O Orpheus singing!  O tall tree in the ear! 
And all was silent.  Yet even in the silence
new beginning, beckoning, change went on.

Creatures of stillness thronged out of the clear
released wood from lair and nesting place;
and it turned out that not from cunning and not
from fear were they so hushed within themselves,

but from harkening.  Bellow and cry and roar
seemed little in their hearts.  And where before
hardly a hut had been to take this in,

a covert out of darkest longing
with an entrance way whose timbers tremble, —
you built temples for them in their hearing.

        Beyond the horizon, beyond the sight of your beckoning hand, sits an elderly man who is a musician, a drummer, a singer, a master of words.  He has many names.  His name is Ibrahim.  His name is “Father Drummer.”  His name is “What a human being refuses, God will take and make well.”  His name is “Wisdom has no end.”  How a person comes to have such names is another story among the stories in this book, but he is one man among many like him.  He speaks the words of those he knows and has known.  He speaks the words of those who gave birth to him and have passed away.  He represents them, and he is old because he holds their words.  He and his colleagues are all masters of words, but they do not write.  Their knowledge is sustained by memory; it is communicated in public places by sound and movement, by singing, by drumming, by dancing.
 
        What a difference from the strange means of communication you can hold in your hands, a heavy book you would read, grasped firmly with closed hands!  Extending from your hands, the weight of such a book pulls on your arms and shoulders, fighting your effort to elevate it, telling you that you cannot read it at a sitting, alone, as you have read many other books, to divert an evening, or as a quick snack to gobble up.  These thousands of words were spoken by this drummer, Ibrahim Father Drummer, and they were meant to be heavy, but they were spoken and not written, and their unnatural weight in a book is perhaps a tolerable attribute of compromise with that other medium of communication that the drummer knows, or perhaps the hidden complementarity of the tree of culture in polymorphous transformation.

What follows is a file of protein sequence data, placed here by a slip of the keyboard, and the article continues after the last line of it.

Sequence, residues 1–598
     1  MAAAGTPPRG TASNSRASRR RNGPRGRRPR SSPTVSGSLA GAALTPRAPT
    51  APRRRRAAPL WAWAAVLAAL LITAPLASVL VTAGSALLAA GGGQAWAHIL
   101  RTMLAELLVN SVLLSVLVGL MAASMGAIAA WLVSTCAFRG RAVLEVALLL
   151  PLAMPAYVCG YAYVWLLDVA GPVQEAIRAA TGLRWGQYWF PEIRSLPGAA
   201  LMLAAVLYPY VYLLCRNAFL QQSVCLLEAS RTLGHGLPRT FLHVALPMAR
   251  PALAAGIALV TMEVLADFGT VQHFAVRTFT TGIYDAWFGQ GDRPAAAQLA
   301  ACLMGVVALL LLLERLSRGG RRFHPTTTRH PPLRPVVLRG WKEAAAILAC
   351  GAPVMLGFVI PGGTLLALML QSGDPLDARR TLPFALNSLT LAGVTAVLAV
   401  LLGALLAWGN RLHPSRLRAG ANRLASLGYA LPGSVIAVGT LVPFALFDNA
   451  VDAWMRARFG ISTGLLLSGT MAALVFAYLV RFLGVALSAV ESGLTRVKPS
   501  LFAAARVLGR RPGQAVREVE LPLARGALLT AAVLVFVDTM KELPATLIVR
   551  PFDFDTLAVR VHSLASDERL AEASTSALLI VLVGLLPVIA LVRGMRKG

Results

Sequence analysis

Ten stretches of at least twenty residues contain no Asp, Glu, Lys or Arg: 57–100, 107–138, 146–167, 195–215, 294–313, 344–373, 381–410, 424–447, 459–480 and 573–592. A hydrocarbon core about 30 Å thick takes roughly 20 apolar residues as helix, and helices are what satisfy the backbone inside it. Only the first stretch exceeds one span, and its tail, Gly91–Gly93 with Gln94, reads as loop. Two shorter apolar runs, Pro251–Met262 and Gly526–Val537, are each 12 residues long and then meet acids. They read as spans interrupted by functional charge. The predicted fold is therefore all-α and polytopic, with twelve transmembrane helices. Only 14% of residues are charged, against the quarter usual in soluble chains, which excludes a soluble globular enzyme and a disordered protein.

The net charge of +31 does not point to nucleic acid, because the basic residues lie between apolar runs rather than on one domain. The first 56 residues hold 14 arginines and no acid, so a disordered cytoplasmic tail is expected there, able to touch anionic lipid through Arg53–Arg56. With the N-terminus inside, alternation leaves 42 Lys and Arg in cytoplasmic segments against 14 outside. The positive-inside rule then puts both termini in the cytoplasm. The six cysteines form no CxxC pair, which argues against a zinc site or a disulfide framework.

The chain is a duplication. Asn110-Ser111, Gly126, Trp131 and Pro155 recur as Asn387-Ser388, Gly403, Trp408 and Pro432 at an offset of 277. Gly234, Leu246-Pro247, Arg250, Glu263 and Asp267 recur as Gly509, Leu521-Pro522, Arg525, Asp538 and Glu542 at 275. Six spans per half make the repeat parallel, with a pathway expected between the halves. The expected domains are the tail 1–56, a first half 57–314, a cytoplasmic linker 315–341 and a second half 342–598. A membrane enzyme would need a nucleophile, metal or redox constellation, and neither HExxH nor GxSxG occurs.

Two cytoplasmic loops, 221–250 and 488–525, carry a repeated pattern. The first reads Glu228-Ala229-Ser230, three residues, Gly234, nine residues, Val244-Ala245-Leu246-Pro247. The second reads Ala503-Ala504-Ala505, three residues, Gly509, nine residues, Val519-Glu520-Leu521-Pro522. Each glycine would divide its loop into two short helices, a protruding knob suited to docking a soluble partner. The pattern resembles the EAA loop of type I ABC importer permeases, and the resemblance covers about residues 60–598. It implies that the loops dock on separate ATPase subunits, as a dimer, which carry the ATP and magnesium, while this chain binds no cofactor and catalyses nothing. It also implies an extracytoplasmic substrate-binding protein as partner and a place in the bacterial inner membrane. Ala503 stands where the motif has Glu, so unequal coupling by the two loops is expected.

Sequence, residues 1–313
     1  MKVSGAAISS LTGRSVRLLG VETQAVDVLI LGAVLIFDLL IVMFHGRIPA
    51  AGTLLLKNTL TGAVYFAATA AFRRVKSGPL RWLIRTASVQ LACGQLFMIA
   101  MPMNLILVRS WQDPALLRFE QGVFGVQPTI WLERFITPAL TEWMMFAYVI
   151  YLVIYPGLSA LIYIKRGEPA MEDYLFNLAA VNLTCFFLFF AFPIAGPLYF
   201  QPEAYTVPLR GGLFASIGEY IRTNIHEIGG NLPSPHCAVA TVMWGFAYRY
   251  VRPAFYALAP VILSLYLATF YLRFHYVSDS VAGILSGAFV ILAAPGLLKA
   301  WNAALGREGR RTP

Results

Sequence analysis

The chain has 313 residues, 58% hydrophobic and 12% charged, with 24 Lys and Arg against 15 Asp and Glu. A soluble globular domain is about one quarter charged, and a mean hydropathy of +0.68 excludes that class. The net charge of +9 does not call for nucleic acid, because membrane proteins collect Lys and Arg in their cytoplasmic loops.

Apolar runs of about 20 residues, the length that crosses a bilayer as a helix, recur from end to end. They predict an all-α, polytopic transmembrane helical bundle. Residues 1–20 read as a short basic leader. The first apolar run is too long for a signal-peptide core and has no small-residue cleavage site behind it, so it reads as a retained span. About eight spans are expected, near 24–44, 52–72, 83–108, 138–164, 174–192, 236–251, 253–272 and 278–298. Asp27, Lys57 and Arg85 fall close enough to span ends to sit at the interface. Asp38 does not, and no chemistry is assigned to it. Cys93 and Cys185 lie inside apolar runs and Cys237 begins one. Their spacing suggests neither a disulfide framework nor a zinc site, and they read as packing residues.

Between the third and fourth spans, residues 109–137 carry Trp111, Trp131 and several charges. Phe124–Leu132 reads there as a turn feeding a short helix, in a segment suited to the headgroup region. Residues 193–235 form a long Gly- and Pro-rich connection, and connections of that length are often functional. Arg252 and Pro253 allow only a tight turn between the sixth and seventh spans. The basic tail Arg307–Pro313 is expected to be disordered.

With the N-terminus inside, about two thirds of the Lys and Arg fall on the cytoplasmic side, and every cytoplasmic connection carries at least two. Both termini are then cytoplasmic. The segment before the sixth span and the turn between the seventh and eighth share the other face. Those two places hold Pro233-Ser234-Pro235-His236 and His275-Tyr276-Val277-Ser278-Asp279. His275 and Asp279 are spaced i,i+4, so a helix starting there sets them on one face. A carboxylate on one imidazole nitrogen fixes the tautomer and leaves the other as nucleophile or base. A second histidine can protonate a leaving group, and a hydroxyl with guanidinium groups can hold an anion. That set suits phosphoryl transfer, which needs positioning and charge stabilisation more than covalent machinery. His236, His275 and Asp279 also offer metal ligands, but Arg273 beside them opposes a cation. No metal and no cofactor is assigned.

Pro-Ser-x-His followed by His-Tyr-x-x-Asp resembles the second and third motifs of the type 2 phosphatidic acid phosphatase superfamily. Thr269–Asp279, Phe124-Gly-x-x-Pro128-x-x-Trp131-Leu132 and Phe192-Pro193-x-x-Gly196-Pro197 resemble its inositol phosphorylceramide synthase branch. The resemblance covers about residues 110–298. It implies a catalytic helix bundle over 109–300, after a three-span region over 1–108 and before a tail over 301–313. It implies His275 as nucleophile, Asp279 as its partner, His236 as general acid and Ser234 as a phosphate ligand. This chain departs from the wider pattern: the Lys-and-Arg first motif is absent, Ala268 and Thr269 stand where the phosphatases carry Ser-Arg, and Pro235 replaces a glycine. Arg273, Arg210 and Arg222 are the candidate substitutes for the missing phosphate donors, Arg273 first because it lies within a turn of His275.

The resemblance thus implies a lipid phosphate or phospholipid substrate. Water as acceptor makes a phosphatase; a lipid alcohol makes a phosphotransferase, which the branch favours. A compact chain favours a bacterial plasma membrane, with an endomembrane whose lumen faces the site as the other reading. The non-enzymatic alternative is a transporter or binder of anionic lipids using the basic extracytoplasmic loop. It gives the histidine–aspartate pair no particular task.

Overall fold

If you could look beyond the horizon and go toward the evening, you would be able to hear the words.  Where Father Drummer lives, in the evening, he sits outside his house on a mat, leaning against the wall.  When he or a fellow drummer picks up a drum, he will first beat a prayer for walls:  God should let the wall be nice, that the elders may lean against the wall, and we the children will thank God for that.  After dinner, the air is mild, the sky clear with stars.  Beside Ibrahim are his friends, those he calls his “sitting friends,” and they are talking.  A few children and young people from his area are there, and you would be able to join them, as Ibrahim did when he was a child.  If you were there, you would be listening to the words you are about to read, with no need to hold a heavy book or operate an electronic contraption.  The conversation is leisurely, because tomorrow, if you like and God agrees, you will all be there again in that pleasant ambience.  Over a period of time, the drummer would gradually share his knowledge in many quiet conversations. 

        I was there, and I collected such conversations and modeled this book from them, and I have brought them to you.  If you would sit with me and follow this model, you will read the book patiently, chapter by chapter, and if you become tired holding it, put it down.  There is no need to rush.  What you don’t read today, you can read tomorrow.  No one is forced to sit outside with the elders of drumming.  You go when you have the time or the appetite for it.  I sat with Ibrahim, my Father Drummer, and his friends, many of whom I also call father or grandfather or brother, for several years of my life, and I went back again and again because I found such satisfaction in their presence.  That satisfaction is a promise for you at the outset of your journey into their world, a promise I make because I myself had never imagined the type of experience I would have among them. 


Notes

1.  This preamble is a reflection of Norman O. Brown, “Daphne, or Metamorphosis,” in Myths, Dreams, and Religion, edited by Joseph Campbell (New York:  E.P. Dutton, 1970), pp. 91-110.

2.  Rainer Maria Rilke, Sonnets to Orpheus, translated by M. D. Herter Norton (New York:  Norton Library, W. W. Norton, 1970), no. 2, p. 19.

3.  Mircea Eliade, Patterns in Comparative Religion, translated by Rosemary Sheed (Cleveland and New York:  Meridian Books, World Publishing, 1967), pp.  265-330; G. van der Leeuw, Religion in Essence and Manifestation, translated by J. E. Turner (Gloucester, Mass.:  Peter Smith, 1967), I, 55-58.

4.  This generative image is from Marcel Griaule, Conversations with Ogotemmêli:  An Introduction to Dogon Religious Ideas, trans. Ralph Butler, Audrey I. Richards, and Beatrice Hook (London:  International African Institute and Oxford University Press, 1965), p. 64.

5.  Rilke, Sonnets to Orpheus, no. 1, p. 17.